The Linking Network works with primary, secondary and special schools in localities that have been identified as having segregated communities. Through a carefully planned and research-led approach, underpinned by Social Contact Theory, the network supports teachers to facilitate meaningful and positive sustained social mixing.
The programme operates through a year-long programme of structured visits for paired classes and curriculum work equips learners with the skills, confidence and knowledge to thrive in modern Britain. The network’s training enables teachers to support their learners to develop trust, empathy, awareness and respect. Tried and tested resources are employed in the classroom and the resulting work is exchanged between the pairs of schools. Learners first meet at a neutral venue, such as a museum, where they engage in joint co-operative, enjoyable activity.
The first meeting is followed by class visits to both schools, where the learners experience being hosts and guests by turn. Great care is taken in structuring these visits, including reflection time to unpack learning and experiences. Through-out the linking year ongoing curriculum work on the themes of identity, diversity, community and equality is exchanged. Opportunities for dialogue, critical reflection and positive attitudinal development are encouraged.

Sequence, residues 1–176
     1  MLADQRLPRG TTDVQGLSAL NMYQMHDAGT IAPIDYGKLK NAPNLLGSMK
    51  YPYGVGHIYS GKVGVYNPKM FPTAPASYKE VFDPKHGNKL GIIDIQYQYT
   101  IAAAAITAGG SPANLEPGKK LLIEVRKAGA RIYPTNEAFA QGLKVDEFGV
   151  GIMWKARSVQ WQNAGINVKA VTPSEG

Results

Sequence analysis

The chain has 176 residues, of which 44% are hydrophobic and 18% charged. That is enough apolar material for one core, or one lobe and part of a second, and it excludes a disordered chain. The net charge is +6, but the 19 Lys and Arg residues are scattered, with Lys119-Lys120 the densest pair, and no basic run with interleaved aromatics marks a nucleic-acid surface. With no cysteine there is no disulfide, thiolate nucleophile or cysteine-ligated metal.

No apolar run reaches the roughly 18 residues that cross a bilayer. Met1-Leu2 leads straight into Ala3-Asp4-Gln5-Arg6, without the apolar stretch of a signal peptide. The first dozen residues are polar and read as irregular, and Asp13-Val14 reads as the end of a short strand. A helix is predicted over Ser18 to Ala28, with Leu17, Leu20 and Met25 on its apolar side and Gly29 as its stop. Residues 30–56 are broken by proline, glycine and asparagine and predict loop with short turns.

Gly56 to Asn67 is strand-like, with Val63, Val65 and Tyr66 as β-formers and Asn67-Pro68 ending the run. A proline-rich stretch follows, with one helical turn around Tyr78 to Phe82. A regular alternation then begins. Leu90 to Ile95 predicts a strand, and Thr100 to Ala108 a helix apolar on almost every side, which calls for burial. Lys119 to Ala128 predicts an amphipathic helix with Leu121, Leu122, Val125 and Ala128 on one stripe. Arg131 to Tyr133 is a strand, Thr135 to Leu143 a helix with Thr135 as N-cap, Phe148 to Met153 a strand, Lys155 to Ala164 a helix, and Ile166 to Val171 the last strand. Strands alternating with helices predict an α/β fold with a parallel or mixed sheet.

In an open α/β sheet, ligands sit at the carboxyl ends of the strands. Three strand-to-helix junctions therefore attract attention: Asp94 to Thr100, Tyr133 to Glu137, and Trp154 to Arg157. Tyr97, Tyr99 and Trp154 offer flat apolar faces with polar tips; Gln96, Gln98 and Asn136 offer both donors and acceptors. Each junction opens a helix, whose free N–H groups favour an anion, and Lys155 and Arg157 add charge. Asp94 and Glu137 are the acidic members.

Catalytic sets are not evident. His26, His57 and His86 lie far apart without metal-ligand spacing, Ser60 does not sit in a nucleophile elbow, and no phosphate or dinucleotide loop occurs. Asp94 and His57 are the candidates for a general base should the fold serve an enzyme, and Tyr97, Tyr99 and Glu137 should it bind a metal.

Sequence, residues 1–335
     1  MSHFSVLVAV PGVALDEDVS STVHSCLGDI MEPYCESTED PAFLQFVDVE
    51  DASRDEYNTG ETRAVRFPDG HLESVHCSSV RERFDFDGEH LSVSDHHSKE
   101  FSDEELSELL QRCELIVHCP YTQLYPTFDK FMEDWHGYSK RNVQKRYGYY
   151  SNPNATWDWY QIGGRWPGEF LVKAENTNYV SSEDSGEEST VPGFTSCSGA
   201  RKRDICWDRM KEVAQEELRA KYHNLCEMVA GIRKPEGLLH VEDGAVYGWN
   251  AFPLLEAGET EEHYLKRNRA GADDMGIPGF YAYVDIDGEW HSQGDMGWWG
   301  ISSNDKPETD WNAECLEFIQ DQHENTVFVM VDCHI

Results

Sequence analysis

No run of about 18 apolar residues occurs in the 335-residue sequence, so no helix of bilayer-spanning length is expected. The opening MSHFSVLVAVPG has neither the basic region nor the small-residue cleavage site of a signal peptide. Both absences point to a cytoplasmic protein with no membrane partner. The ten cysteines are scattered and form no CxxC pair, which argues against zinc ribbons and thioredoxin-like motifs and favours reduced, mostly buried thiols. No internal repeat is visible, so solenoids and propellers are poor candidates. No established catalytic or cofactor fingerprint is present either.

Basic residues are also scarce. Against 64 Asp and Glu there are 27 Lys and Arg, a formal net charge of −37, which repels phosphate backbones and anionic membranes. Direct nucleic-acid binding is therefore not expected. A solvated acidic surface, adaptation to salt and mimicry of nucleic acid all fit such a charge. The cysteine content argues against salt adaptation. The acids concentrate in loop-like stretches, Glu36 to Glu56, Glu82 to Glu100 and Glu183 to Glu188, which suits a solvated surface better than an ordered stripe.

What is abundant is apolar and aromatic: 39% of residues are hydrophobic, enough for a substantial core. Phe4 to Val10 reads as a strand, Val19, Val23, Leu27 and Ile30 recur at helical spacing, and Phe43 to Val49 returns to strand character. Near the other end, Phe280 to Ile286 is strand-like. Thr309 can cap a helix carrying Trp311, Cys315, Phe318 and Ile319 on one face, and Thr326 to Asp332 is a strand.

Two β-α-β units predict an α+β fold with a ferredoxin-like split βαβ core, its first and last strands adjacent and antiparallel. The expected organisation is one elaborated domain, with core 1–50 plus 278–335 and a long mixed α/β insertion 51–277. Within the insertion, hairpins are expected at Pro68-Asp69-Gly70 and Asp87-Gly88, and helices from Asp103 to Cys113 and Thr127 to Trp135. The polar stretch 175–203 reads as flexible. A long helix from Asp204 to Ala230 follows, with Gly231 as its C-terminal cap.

The programme is funded through investment by schools and local authorities and the Network funding from the Department for Education and the Ministry of Housing, Communities and Local Government and core funding from Pears Foundation.
In addition to its schools linking programmes, The Linking Network develops and delivers training to school leaders and teachers on leading school culture and ethos for a cohesive society from curriculum to whole school. A wealth of evaluation studies consistently show the value of the work and can be viewed here. To find out more about The Linking Network, visit their membership page here.